3 Tutorials that teach Judaism- Yahweh
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Judaism- Yahweh

Judaism- Yahweh


This lesson will offer an introduction to Jewish ideas of the divine.

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[MUSIC PLAYING] Welcome to this tutorial on the name of God. In Judaism, the divine name-- or the tetragrammaton-- comes in the form of four Hebrew letters, YHWH. And in ancient Hebrew the vowels were not written. So the original pronunciation of this name has been lost. Of course, it would have only been pronounced in the temple by the priests during special festivals in the temple.

The spelling that we're more familiar with is Yahweh, and the pronunciation of that name derives from the early Christian church. What is the meaning of this divine name? Is it a proper name? Perhaps. Or perhaps it's from the verb for "to be".

In Exodus 3:14 god says to Moses, "I am that I am", and perhaps this is the origins for this divine name. Well, what's so different about this Jewish God? What's so different about Yahweh versus other ancient Near Eastern gods, say the Mesopotamian and Canaanite gods?

Well this God claims universality, claims to be in fact the only God. This is a position which actually evolves in the Hebrew scriptures. So not all of the Hebrew scriptures seem to say that Yahweh is the only God, but others do. So we can see a kind of evolution towards universality.

Also, this God is tied to ethics. So this God gives Moses the Ten Commandments. This God is concerned with poor people and the people who are weak. The theme comes up again and again in the Hebrew scriptures that God cares about the stranger, the widow, and the orphan. That is, people who are weak and defenseless, people who are not represented in society.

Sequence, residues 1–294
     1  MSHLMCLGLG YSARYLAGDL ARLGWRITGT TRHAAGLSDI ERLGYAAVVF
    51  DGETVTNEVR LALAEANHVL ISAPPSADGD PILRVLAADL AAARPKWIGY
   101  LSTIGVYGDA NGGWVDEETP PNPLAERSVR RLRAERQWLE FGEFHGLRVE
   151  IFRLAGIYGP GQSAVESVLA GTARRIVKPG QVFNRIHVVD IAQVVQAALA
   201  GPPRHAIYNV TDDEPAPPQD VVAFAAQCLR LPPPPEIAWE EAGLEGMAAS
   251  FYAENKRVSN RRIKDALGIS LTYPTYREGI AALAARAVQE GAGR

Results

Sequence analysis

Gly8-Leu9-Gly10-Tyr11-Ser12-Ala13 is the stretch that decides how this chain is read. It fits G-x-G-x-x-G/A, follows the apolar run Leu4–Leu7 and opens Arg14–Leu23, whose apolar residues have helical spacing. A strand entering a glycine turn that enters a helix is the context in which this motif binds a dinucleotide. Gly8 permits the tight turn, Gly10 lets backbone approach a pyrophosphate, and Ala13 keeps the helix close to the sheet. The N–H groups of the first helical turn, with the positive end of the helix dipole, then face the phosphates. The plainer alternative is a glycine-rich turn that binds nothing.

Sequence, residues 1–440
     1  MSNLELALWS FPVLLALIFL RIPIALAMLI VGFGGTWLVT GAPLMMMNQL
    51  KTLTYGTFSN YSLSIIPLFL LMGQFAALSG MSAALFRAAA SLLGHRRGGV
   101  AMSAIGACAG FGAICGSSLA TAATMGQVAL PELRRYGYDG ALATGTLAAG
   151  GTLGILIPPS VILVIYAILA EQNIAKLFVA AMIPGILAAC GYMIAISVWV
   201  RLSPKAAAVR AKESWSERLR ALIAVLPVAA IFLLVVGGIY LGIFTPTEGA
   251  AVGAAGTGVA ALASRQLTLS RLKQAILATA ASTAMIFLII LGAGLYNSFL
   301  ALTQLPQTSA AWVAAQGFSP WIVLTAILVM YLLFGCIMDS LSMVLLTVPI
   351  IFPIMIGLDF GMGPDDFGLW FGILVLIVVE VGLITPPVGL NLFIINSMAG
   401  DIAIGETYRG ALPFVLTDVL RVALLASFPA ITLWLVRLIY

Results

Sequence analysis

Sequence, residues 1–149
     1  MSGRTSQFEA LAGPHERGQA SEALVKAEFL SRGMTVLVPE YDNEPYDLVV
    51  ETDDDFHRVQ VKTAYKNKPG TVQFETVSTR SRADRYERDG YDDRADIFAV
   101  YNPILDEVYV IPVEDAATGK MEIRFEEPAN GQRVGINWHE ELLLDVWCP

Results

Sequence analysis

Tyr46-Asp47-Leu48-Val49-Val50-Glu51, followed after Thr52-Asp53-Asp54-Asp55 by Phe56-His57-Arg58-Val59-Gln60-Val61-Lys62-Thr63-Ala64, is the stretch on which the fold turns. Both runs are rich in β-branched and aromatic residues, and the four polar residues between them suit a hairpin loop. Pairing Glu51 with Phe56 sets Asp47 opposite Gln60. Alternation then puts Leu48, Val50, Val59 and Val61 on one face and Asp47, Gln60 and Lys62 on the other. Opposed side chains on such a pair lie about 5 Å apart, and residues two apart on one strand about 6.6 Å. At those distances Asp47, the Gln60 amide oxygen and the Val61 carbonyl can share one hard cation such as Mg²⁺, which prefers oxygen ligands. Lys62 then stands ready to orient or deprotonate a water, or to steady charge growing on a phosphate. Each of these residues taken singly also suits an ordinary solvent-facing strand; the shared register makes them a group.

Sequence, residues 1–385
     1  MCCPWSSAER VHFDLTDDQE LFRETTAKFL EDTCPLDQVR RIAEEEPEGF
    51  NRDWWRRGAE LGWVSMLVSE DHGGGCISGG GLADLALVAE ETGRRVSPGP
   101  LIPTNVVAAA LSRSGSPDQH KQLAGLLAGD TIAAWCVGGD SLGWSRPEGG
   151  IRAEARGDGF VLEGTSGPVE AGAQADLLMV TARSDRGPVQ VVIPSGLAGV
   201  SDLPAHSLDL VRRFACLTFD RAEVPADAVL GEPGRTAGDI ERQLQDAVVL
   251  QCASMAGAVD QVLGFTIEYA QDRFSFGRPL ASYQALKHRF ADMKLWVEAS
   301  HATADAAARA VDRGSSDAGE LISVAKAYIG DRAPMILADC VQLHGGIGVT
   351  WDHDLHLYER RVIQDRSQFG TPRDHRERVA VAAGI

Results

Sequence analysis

Next, this God demands exclusive worship. So you're not allowed to sort of tinker around with a large pantheon. You have to devote your worship to this one God alone. And this is really a new concept, because all of the other religions in the area at the time, you would have had one god for the harvest, another god for wine, and so forth. But this God is the only God who demands your sole allegiance.

Next we can see in the Hebrew scriptures an ever expanding circle of influence, that this one God who's the god of the Jews will one day also be the god of the nations, that the nations will come streaming to Israel to worship in Zion. Why do Jews not write the word God oftentimes? So they'll right G underscore d. Why do they write it that way? Or why do they not say the word "God"?

Christians are probably familiar with not taking the name of God in vain, but it's normally taken to mean that you shouldn't use the name of God in a frivolous way or use it in a curse. But for Jews, it's prohibited to speak the name of God at all. So this divine name will never be pronounced. And instead of that, in Jewish services they might say, Adenai, which means "the Lord" or hashem, which means "the name" instead of saying the word God. So not pronouncing the name is a mark of respect for the deity.

Thanks for listening to this tutorial on the divine name in Judaism. We said that Yahweh in Judaism is the monotheistic God who delivered the Jews from bondage in Egypt and gave the Ten Commandments to Moses. We said that Yahweh was conceived to be different from the other ancient Near Eastern gods including the Canaanite and Mesopotamian gods. This God demanded sole allegiance and was viewed as a universal God and an ethical god. This got cared about the poor and the weak.

We also said that the tetragrammaton, which means "four letters" is the correct Hebrew name for the God of the Bible and that the word Yahweh is a Latin derivative of the Greek tetragrammaton. Jews never pronounce this divine name and instead prefer to use the term Adenai or hashem as a way of respecting God. Another possible variant is the word Elohim. So by not pronouncing the divine name, Jews Show their respect for God.

  • Tetragrammaton

    Etymologically "four letters" (from Greek); the correct Hebrew name for the God of the Bible.

  • Yahweh

    The Latin transliteration (YHWH) of the Greek Tetragrammaton.